Lubbock state lawmakers anticipate late summer special legislative session
LUBBOCK, Texas (KCBD) - While the 87th session of the Texas legislature was anticipated to be anything but ordinary due to a pandemic and February’s winter storm. However, Senator Charles Perry said it ended up being business as usual.
“With COVID issues that we started out the session with, fortunately nobody got sick,” Perry said. “We really did a pretty good job of keeping everybody healthy. Because of that, we were able to get our work done. So, in hindsight, looking back a few months when all the dust settles, it looks and feels a lot like a every session.”
The end of the session wasn’t anticipated as Democratic lawmakers walked out in the final hours of debate in the House over Senate Bill 7, in which Perry is one of the authors. The break in quorum ended the bill’s chances of passing before the session deadline.
The bill, according to the authors, is related to election integrity and security. Perry says the belief that it’s voter suppression is not true. He tells KCBD the bill removes voting practices brought about during the pandemic.
“If it was already available in Texas election law, it pretty much is still available with probably clarity on what that looks like,” Perry said. “It’s not really new stuff. Unfortunately, it didn’t get over the line. We’ll put it over the line. You know, the good thing about a special session is you don’t leave till it’s done.”
Perry expects to return to a special session called by Governor Greg Abbott in July or August to take up that bill and others outlined by the Governor.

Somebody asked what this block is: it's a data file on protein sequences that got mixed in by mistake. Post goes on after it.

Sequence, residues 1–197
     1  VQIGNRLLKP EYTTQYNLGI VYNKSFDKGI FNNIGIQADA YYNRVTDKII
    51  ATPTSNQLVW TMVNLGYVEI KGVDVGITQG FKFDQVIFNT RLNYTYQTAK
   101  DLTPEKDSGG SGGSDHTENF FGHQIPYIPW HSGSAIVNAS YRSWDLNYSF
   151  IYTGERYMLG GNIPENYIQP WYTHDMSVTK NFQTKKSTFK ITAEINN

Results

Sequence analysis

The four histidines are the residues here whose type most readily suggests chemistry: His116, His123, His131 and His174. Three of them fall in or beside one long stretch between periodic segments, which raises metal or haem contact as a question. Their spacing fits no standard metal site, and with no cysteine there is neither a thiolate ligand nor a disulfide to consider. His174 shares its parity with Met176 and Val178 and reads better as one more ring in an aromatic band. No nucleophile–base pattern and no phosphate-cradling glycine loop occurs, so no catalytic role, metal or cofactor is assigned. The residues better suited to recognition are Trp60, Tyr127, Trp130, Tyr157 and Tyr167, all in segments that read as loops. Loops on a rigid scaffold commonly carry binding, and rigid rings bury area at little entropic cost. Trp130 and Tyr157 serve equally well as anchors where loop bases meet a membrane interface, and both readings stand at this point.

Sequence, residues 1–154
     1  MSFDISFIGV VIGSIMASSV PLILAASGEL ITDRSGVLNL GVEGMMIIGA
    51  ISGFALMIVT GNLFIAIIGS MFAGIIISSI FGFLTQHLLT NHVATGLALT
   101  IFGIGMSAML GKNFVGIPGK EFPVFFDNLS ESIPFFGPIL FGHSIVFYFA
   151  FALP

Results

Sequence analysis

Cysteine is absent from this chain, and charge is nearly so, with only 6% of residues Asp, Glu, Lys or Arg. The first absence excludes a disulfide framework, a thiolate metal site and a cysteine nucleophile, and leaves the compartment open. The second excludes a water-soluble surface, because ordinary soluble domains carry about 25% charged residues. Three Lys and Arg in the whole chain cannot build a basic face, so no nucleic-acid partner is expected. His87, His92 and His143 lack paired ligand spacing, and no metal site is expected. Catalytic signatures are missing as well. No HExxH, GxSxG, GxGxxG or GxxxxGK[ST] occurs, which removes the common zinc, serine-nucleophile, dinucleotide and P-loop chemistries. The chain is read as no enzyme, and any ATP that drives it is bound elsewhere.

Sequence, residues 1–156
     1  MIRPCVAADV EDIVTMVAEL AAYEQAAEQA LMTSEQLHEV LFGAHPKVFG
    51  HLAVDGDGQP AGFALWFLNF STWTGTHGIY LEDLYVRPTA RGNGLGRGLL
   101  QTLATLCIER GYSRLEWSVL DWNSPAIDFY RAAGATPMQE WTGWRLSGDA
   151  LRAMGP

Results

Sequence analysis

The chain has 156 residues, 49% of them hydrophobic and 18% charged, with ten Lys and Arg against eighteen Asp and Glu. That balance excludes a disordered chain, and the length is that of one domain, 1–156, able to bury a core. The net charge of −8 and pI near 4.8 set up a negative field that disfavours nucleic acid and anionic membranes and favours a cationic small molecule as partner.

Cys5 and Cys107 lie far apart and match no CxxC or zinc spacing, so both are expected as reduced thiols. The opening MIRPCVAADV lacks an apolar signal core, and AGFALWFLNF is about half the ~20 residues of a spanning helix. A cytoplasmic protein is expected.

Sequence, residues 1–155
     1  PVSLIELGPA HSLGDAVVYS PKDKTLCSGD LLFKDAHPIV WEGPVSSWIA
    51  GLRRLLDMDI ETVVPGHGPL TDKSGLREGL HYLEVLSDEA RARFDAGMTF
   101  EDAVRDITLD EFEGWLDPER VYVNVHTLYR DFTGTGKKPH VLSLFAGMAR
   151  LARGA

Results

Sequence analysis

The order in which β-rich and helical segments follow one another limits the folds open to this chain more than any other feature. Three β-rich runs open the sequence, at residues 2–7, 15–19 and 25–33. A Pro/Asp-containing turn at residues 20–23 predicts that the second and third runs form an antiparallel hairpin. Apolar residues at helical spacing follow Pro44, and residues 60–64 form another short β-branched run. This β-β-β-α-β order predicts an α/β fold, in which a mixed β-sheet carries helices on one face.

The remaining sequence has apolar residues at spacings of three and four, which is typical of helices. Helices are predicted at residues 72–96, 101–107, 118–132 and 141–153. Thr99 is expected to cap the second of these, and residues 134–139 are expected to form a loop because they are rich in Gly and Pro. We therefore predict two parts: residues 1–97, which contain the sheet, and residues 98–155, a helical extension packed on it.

There is other legislation that Perry said will positively impact his district. Some of it secured funding for boll weevil protection for cotton farmers, a water consortium project, rural healthcare, cyber security programs at Angelo State and many other programs within the Texas Tech University System.
“So just lots of little things like that, that when you have time to get your breath and look back and say, ‘how did we do?’ I was very successful,” Perry said. “The Senate was good to us and most of it got through.”
Representative Dustin Burrows and Senator Perry both point to the Heartbeat Bill and reforms for ERCOT as legislative achievements.
“This session was one of the most conservative in the history of the state with several important bills already signed by the Governor or on their way to his desk - among them, the Texas Heartbeat Bill, the Constitutional Carry bill, bills that protect our religious and second amendment liberties, and legislation that strengthens and protects the state’s power grid,” Burrows said.
Perry also expects to return in the fall for 60 days for a special session on redistricting.
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